Regulars on the show circuit know the lingo. You've got your parking lot shows, with exhibits neatly confined in a chalked grid on a large parking lot. You've got your working shows, with all manner of machines in perpetual motion, plowing, threshing, baling, sawing. And then down at the Florida Flywheelers Antique Engine Club, you've got your playing show, where everyone is as happy as kids at summer camp.
The locale has something to do with it. What's not to be happy about in central Florida in February, when the club holds its annual antique engine and tractor show? But there's more to it than that. The Flywheelers have created a unique environment that fosters fun, and it begins in the antique village.
The club's 240-acre show grounds midway between Ft. Meade and Avon Park is carved into two sections: the antique village and the show field. The show field is home to buildings housing private collections, a pulling track, antique construction equipment demonstration area and a mammoth swap meet. The antique village is a boom town of about 70 buildings reflecting the varied interests of club members. There's a grist mill and a blacksmith, hardware and sawmill, livery stable and slaughterhouse … and much, much more.
"We're constantly looking for ways to improve," says Florida Flywheelers President Dick Ambler. "We try to get people to display different things every year. This year, we added two days of horse pulls and opened up a lot more vendor area. We had our biggest day ever in February, with attendance estimated at 7,000. When we started out 15 years ago, nowhere in our wildest dreams did we expect this."
The village is built on a unique foundation. Each building is financed, built and furnished by club members, subject to club approval. Buildings belong to the club, but can be passed to a family member or sold to another club member. Most buildings are furnished with the builder's collection of farm-related items, and all are open to the public during shows.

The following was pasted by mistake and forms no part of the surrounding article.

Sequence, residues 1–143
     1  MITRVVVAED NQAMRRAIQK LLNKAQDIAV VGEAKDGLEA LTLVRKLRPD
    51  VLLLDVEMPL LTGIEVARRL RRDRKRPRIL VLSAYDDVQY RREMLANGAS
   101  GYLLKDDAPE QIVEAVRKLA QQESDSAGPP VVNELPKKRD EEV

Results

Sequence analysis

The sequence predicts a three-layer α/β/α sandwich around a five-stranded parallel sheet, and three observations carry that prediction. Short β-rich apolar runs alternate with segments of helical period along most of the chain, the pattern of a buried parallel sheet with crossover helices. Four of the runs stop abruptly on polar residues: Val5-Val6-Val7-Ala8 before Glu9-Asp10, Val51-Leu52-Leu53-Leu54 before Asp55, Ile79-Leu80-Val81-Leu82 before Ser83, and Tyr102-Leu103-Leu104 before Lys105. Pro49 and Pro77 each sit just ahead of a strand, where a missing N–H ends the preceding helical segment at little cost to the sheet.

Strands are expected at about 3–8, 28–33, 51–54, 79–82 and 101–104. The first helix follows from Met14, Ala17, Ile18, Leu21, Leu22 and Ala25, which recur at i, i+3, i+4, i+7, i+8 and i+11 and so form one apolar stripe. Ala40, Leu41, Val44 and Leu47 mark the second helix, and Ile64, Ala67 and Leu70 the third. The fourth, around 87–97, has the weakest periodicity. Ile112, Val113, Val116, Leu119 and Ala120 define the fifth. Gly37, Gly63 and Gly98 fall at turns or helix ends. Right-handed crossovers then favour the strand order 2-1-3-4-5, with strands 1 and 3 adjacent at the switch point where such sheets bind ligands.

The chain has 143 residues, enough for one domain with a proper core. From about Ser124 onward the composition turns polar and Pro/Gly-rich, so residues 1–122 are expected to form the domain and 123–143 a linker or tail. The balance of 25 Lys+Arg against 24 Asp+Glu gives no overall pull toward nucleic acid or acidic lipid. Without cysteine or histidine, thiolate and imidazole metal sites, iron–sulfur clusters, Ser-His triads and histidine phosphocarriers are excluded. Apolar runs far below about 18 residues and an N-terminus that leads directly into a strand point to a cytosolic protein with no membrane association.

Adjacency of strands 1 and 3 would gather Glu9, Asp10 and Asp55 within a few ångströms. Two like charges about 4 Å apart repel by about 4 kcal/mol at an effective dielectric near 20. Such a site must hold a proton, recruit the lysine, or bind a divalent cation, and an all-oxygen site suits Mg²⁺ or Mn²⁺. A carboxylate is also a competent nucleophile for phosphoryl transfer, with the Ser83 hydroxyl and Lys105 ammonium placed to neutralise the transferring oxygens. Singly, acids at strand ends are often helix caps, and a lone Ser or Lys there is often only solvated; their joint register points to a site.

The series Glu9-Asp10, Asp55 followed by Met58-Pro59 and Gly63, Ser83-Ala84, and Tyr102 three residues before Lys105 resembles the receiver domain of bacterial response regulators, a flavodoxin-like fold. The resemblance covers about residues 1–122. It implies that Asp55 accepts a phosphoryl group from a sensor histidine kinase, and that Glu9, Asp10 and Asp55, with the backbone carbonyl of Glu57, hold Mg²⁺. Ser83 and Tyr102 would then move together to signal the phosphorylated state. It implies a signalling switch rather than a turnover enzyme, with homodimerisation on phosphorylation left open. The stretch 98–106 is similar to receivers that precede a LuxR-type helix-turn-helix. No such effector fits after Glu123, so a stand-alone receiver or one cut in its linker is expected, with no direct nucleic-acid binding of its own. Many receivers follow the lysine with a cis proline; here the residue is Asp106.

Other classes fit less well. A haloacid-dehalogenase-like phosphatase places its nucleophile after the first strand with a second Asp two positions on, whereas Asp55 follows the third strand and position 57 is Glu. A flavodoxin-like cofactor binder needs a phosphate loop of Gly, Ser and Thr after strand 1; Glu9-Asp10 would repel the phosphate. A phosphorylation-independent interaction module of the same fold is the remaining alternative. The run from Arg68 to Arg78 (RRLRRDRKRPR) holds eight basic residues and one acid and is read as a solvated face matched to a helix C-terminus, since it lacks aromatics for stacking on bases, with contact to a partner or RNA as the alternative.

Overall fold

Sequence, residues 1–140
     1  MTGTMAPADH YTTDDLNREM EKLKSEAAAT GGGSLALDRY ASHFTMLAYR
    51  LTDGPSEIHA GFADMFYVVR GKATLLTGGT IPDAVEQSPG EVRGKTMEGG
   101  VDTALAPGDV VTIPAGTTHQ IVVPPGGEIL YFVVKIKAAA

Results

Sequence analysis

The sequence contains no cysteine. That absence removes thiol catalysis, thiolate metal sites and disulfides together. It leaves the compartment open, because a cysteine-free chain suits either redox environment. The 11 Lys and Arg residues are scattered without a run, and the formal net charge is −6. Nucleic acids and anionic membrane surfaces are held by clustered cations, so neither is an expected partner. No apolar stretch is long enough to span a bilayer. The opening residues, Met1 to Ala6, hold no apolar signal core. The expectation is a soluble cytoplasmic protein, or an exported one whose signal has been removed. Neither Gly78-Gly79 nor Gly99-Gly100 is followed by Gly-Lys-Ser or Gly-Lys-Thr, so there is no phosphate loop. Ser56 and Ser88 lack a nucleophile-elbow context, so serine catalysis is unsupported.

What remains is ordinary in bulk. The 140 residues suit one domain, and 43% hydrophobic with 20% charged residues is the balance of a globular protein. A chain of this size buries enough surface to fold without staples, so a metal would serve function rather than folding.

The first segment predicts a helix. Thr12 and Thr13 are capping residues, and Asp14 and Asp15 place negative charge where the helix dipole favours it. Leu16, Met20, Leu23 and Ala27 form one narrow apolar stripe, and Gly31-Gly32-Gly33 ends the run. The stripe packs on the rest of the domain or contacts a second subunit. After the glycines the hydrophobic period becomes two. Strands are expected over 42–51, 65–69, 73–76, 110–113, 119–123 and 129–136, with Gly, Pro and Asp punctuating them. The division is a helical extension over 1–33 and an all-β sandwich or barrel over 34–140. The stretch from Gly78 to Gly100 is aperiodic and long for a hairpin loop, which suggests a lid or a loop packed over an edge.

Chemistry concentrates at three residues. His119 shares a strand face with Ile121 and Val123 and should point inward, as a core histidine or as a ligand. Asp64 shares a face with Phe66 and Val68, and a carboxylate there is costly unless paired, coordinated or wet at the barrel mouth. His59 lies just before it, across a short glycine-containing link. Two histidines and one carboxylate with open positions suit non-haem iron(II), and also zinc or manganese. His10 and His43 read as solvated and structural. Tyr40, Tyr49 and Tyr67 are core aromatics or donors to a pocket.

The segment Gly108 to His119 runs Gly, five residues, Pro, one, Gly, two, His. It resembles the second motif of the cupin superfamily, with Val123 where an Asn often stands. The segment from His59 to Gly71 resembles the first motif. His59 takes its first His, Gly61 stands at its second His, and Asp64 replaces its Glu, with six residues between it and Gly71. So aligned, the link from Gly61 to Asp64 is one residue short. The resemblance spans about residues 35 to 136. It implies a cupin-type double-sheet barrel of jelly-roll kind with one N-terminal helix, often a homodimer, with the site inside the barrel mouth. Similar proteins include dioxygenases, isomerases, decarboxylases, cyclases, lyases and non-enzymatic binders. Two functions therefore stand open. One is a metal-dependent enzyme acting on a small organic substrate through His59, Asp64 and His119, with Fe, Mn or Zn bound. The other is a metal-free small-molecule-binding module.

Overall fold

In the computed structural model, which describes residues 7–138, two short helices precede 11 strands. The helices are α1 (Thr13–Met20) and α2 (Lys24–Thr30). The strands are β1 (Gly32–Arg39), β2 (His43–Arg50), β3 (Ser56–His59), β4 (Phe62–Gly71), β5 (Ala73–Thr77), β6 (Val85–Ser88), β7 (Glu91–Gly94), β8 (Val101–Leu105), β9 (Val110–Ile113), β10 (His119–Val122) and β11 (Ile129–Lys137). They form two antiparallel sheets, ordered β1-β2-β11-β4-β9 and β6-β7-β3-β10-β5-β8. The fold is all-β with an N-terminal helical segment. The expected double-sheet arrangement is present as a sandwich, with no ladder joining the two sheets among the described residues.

Bill Eckhoff's red barn, for instance, is packed with everything from a Conestoga wagon to a 1921 John Deere Waterloo Boy tractor, vintage porcelain signs to shop tools, miniature tractors to an original 1911 Mullins boat. "I don't care who comes in here," Bill says with a smile. "They're going to find something they're going to like."
Bill, who retired to Punta Gorda, Fla., from Missouri, bought two established buildings at the antique village a couple of years ago. Since then, he's poured in time and money to make them even better. "Our goal is to have something where people can come and feel welcomed," he says. "We really stress the hospitality part of it, and people really seem to like that."
A retired highway contractor, Bill tears into projects like a bulldog. Aided by an apparently tireless crew, he's created elaborate displays celebrating another era, that of his youth. "My dad bought the first Farmall M in 1939 out of the Warrensburg, Mo., dealership," he recalls. "Mom about had a fit."
Decades later, dozens of pieces of vintage cookware like his mother once used dangle from the ceiling of the red barn, an improbable but artful cast iron chandelier. Visitors gape; Bill grins. It's business as usual at the red barn.
"This old Flywheeler Park is just a good place to come to," he says. "And we'll make it work. The main thing is to work together. It's just all fun to me."
If Bill is a relative newcomer, Gene Harkins, Kissimmee, Fla., is practically a founding father. A club member when the Flywheelers bought the land, he has vivid memories of the early years. The site took all the hours volunteers could throw at it. "There were probably 50 really gung-ho members out here every other week at the beginning, clearing out palmettos. People don't realize what went into making all this," Gene says. "We bought the land on April Fool's Day in 1996, and there were a lot of jokes about that. But it's been a success and it just keeps growing."
Today, the antique village is at capacity. Like any thriving community, it faces challenges. Fire hydrants and sprinklers may be in the offing, and a new well will be needed before long. There's a waiting list for buildings elsewhere on the grounds, all of which are subject to club approval.
The Flywheelers boast membership of 1,600. That includes many snowbirds, some of who camp on the grounds during the winter. They exchange labor - mowing, mechanical repairs, roadwork, paint, pressure washing - for campground fees. An army of volunteers ensures the grounds are neat, orderly and well-maintained year 'round.
Gene is part of that effort, both as a volunteer and a builder. He's created a replica of an Amish tobacco barn housing an eclectic collection: a little Jim Dandy, Economy garden tractors, crawler tractors, seed separators and cleaners, silage cutters and more. Gene's barn also houses a collection built by longtime club member Maurice Biehn who died in 2004.